Slow Pulp at Le Poisson Rouge, Early November
Slow Pulp performed the way people in Chicago do anything—with their whole heart, focused on being the best they can.
By layla passman
photos by shelby kraut
When the chill first comes in, it feels too cold to bear. Although it’ll be even colder in a few weeks, the first affront feels especially deep—it forces you to succumb to your own weakness and layer scarves, sweaters, and coats for forty-five-degree weather. Leaving the house becomes a fearful plight of cold air on your cheeks as you wish for the comforts of inside. On the second day that Slow Pulp was in New York, it was my turn to brace myself against the unfamiliar frost. A part of me wanted to call off the excursion to Manhattan, but I was brave and waited in line with others in thick workwear jackets and fingerless gloves. When I got inside Le Poisson Rouge, opener Babehoven was already on stage tuning their guitars.
Babehoven began to play, soft and singular. Lead singer Maya Bon started on her own, playing acoustic guitar to set the scene before the full band joined her. A bandana wrapped around the two unwound braids in her hair like she’d just emerged from a barn or meadow. The music swelled, and I felt warm again. Her voice was sweet, and modest at times, but when the moment was right, she took the song into a deeper place. Babehoven evoked the feeling of growing up in a small Appalachian town, except they live in Hudson, and we were listening in New York City. The person standing next to me was relieved they hadn’t missed the opener and began singing along as soon as they walked through the door, their hands perched on their friends’ shoulders. There’s not often such excitement for the opener as there was for Babehoven; the smile on Bon’s face foreshadowed her appreciation for the growing fan base.
As the set continued, I was reminded of the growing comfort between indie folk and country. Audiences of mainly well-to-do city folk seem to connect to this music more than ever, drawn to a place they’ve never been or a life they’ve never had. It’s this sense of redirected nostalgia that brings people to this new space, feeling like they deserve pastoral simplicity instead of being dealt a more frenetic hand. But as Bon sang, the fantasy became evident and reminded the listener that this life is not devoid of pain. “It’s good to see you / It’s not good to see you,” she sang over and over again until we were in a spiral of her words, remembering the dread of running into someone we’d hoped to see. They closed their set with a transparent call to their merch table, their main source of revenue while touring the country. As a final plea, they asked everyone to follow them on social media and explained how an online following is important for small artists. This was not them begging for attention or followers, but being upfront about the insecurity of being an independent artist today.
I pushed up the front of the crowd, so close I could put my jacket under the stage, and peered at the Snapchats of the girls next to me with X’s on their hands. “California,” the theme song from early-aughts teen drama The O.C., played loudly as Slow Pulp’s lead, Emily Massey, took the stage. She was greeted with cheers as she raised her hands and lip-synced along. A camaraderie grew as everyone sang the off-topic song about a place on the other side of the country. Massey wore an unassuming ensemble of cargo pants and a knit top, an outfit seemingly less calculated than some of those in the audience. Slow Pulp performed the way people in Chicago do anything—with their whole heart, focused on being the best they can, not on how many people recognize or celebrate their efforts. At the end of it, it was just for them. Massey’s presence on stage was just herself, nothing to distract from her own pain, ambivalence, and nostalgia. While soft, her voice was still confident. She sang “love you always” so vast that I could see all the way into her throat. I was reminded that music can just be good—it doesn’t need to be arty, unconventional, or boundary-pushing. Sometimes, music can be the only window to basking in pleasantness.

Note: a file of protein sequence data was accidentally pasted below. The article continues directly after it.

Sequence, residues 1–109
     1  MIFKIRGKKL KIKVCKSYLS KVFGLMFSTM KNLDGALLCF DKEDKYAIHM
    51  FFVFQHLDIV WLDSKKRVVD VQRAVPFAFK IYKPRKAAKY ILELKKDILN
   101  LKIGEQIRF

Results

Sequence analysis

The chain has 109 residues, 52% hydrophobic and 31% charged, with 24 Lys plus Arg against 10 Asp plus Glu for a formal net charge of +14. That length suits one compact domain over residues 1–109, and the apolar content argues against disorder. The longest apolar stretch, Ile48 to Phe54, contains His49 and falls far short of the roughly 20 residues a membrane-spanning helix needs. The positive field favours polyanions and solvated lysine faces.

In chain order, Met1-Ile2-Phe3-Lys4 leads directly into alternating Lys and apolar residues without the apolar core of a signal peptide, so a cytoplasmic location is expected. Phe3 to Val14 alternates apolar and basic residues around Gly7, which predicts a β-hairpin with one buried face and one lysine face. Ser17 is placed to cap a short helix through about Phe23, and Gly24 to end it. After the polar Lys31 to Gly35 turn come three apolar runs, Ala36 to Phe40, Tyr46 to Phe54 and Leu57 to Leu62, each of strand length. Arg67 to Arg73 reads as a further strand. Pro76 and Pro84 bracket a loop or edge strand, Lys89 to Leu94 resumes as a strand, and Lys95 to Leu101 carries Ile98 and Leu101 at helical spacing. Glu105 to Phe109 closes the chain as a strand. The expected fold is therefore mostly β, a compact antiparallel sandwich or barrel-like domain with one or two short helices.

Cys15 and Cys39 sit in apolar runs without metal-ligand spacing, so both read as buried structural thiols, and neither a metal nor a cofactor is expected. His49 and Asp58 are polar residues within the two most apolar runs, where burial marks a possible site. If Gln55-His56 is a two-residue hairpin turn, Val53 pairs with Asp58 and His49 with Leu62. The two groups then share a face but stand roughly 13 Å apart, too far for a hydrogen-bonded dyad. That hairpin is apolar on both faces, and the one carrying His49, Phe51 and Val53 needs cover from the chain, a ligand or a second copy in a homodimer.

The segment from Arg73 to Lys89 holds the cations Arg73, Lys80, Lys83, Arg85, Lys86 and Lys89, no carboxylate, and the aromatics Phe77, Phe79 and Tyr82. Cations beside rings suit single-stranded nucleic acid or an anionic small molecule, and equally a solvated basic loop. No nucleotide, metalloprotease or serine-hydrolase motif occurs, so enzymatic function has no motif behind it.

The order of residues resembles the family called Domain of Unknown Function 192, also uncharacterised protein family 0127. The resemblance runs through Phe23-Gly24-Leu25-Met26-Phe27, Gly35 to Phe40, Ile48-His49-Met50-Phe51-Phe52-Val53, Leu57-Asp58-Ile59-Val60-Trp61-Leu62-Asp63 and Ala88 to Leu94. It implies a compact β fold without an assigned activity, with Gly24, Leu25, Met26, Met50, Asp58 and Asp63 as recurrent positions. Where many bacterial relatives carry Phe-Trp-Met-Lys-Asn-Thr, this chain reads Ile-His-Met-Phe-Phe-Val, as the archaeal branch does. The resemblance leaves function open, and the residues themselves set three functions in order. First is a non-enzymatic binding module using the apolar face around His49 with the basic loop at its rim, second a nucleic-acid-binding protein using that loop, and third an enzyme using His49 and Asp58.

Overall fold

Maya Bon joined Slow Pulp on stage for “Falling Apart,” the song that Spotify had been algorithmically feeding most likely everyone in the room. I knew all the words without even thinking, like a song that’s been stuck in your head but you’re not sure why. Massey asked if anyone else was on their period and was met with cheers from her compatriots as she began “Cramps,” a song aptly named for just that. For their song “Broadview,” Massey surprised with a harmonica, folding in another folk motif. This time, I was reminded of folk’s urban origins. Maybe this spill into rock doesn’t come from wistful aspiration, but rather, a creation or homage to the places we’re already in. Slow Pulp waited to play their most popular song, “High,” as an encore. The crowd anticipated the loudness as Massey eagerly counted everyone into the chorus, a final exchange of all that was left of the night. Though this felt final, the band gave one last encore: a song about leaving home and growing up, only to feel the twinge of remembrance when your old house is sold. You thought you carried the memories with you, but now without a physical reminder, a part of you feels lost. Their last song served as a reminder that whether we leave home to dream, or dream of leaving the home we have made, we’ll never forget the parts we’re made from.